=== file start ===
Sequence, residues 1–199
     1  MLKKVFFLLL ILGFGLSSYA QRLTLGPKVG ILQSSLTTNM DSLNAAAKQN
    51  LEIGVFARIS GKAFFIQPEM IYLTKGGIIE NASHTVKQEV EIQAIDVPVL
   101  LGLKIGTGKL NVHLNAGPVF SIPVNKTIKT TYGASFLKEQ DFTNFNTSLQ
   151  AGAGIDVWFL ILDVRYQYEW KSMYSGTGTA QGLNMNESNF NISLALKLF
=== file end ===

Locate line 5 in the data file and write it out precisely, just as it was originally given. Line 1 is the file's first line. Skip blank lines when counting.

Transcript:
   151  AGAGIDVWFL ILDVRYQYEW KSMYSGTGTA QGLNMNESNF NISLALKLF